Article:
NASA participates in the Artemis Agreements workshop to advance exploration

NASA participated in the second in-person international workshop this week among signatories to the Artemis Accords, featuring space officials from two dozen countries focused on promoting principles for the safe, peaceful and responsible exploration of the Moon, Mars and beyond. This year’s workshop was organized by CSA (Canadian Space Agency) at its headquarters in Montreal from May 21 to 23.

Since the Artemis Accords were created nearly four years ago, 39 countries have joined the United States in a voluntary commitment to engage in transparent and responsible behavior in space. The agreements are intended to advance humanity’s reach in space more safely and sustainably than ever before and build on more than 23 years of continuous human presence aboard the International Space Station.

“The Artemis Accords represent a shared vision for humanity’s exploration of space, one that transcends boundaries and fosters unity in our quest to expand our understanding of the cosmos,” said NASA Deputy Administrator Pam Melroy. , who participated virtually to jointly initiate the workshop. with CSA President Lisa Campbell. “The days of going into space alone are long gone. “We are in a new era in which nations around the world go into space to explore deeper and better understand our place in the universe.”

During the workshop, participants from 24 countries engaged in robust discussions and conducted a tabletop exercise focused on defining and implementing key principles, including consideration of views on non-interference, interoperability, and sharing of scientific data between nations. .

“The Artemis Accords are an important part of humanity’s future in space and Canada is deeply committed to these principles. As we explore beyond Earth, we must do so safely and sustainably, for the benefit of humanity and future generations. “It was an honor to welcome brilliant minds from around the world to discuss how to conduct current and future space exploration activities in a safe, sustainable and transparent manner through the implementation of the Artemis Accords,” said Campbell.

For example, during the workshop participants delved into topics such as non-interference and interoperability. These discussions build on previous work, such as an initial set of mission data parameters agreed upon by the signatories last October. Data parameters identify necessary information about planned missions to the lunar surface, including expected launch dates, general nature of activities, and landing site.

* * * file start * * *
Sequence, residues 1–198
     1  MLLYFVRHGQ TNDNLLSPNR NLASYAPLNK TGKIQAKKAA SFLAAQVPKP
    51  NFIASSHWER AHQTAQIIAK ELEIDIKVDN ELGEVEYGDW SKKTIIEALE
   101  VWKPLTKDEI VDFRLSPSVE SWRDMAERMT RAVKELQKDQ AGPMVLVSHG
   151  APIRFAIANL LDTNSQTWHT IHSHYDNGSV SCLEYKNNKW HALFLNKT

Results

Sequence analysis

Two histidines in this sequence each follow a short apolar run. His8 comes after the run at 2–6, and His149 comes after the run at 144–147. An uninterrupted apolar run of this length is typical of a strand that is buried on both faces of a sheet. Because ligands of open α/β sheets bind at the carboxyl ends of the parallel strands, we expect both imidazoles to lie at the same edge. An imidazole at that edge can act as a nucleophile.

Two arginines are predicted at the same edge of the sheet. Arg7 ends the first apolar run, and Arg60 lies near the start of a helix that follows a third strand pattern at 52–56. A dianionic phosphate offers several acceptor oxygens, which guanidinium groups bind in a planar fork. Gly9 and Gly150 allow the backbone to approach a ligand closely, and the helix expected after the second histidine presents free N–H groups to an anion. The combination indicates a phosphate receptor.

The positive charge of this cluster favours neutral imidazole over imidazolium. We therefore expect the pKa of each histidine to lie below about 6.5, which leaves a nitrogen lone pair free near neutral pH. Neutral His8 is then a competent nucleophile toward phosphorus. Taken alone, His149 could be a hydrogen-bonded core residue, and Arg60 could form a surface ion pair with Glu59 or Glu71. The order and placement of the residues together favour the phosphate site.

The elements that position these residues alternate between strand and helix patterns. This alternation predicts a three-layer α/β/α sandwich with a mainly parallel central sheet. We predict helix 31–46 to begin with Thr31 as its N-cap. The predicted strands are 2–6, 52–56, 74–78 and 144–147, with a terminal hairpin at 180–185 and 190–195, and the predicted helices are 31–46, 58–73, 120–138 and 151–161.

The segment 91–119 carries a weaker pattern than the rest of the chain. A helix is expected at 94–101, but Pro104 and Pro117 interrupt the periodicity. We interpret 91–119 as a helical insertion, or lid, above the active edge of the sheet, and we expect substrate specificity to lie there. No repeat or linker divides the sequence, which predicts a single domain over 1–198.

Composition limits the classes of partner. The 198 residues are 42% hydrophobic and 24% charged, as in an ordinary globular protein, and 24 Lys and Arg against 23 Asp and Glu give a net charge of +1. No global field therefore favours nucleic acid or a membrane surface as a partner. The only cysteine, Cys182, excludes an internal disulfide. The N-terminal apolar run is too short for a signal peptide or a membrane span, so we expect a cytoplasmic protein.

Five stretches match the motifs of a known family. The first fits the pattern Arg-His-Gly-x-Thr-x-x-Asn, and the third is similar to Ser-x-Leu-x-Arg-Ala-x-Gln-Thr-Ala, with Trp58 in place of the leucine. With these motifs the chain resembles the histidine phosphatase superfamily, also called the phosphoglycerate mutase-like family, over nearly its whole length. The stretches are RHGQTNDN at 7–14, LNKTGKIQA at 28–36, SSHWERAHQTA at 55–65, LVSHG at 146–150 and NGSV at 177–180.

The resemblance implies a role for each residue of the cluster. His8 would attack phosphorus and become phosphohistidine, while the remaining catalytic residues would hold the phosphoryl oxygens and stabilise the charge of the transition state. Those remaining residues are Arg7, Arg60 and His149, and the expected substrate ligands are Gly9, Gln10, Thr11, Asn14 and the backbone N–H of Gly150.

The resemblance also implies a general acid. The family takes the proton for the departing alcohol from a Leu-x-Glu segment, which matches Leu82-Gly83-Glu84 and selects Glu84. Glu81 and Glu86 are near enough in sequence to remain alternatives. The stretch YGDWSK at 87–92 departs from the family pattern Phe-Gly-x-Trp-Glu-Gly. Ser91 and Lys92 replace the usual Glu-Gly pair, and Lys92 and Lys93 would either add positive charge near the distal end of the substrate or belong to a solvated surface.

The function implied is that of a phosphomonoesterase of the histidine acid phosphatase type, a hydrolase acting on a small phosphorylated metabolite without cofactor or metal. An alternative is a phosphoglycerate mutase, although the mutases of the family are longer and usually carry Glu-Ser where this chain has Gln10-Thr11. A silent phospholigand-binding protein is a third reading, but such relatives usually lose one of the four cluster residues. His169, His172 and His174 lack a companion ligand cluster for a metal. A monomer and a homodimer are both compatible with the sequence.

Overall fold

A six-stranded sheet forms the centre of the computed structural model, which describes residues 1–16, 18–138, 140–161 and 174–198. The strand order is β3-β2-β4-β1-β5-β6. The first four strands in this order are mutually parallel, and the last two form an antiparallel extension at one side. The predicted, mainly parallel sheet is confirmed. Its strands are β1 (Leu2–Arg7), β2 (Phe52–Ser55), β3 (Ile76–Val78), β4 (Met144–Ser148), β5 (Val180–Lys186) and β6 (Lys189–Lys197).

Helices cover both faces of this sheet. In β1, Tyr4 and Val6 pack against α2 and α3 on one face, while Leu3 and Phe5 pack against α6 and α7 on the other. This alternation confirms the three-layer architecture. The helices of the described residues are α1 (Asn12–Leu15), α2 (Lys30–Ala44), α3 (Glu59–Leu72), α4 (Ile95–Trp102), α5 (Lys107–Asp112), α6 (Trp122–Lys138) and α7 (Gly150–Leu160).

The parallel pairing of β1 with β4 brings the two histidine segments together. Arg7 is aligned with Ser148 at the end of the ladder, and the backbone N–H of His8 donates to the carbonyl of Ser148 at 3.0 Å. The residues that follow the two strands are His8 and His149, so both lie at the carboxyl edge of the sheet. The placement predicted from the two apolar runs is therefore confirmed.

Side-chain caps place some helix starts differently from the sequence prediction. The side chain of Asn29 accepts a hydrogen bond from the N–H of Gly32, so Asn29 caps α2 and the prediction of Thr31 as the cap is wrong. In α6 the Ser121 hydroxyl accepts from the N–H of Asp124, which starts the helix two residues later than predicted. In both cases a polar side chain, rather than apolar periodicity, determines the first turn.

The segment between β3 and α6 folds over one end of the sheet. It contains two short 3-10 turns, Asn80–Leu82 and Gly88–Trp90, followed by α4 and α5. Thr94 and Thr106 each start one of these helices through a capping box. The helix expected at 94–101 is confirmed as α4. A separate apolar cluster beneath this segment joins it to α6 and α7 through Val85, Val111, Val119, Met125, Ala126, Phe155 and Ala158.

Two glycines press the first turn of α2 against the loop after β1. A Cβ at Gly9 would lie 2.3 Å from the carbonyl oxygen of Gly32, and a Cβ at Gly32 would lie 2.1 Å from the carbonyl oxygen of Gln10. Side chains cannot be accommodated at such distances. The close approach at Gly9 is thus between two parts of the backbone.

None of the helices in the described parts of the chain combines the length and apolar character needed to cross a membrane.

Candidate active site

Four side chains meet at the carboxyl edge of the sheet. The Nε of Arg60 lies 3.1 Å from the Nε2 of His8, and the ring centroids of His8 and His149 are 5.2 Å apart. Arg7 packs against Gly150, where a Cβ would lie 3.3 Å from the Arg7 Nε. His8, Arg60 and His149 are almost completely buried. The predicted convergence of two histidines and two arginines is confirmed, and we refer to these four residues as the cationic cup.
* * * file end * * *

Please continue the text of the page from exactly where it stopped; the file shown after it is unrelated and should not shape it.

Sharing such information will support safer lunar operations by ensuring that the signatories’ respective missions do not inadvertently interfere with each other. Transparency and communication are key to peaceful exploration, and signatories to the Artemis Accords commit to sharing information about their activities and results through the United Nations Committee on the Peaceful Uses of Outer Space (UNCOPUOS) and other channels. appropriate.

The commitments made under the Artemis Agreements and the significant efforts of signatories to promote the implementation of these principles are essential to the success of the Artemis campaign for NASA and its partners, as well as to the success of safe exploration activities. and sustainable. of the other signatories of the Agreements.

As the Artemis Accords workshop concluded on May 23, participants reaffirmed their commitment to upholding the principles outlined in the Artemis Accords and continuing to work collaboratively. The first workshop was held in Poland in 2023. Other countries are expected to sign the Artemis Accords in the coming weeks and months. The main signatories will meet again for face-to-face discussions on the sidelines of the International Astronautical Congress in October.

The United States and seven other nations were the first to sign the Artemis Accords in 2020, which identified an initial set of principles promoting the beneficial use of space for all humanity, based on the Outer Space Treaty and other agreements, including the Convention register. the Rescue and Return Agreement, as well as the best practices and standards of responsible behavior that NASA and its partners have supported, including the public release of scientific data.

For more information on the Artemis Accords, visit:


Amber Jacobson / Jennifer Dooren
Headquarters, Washington
[email protected] / [email protected]

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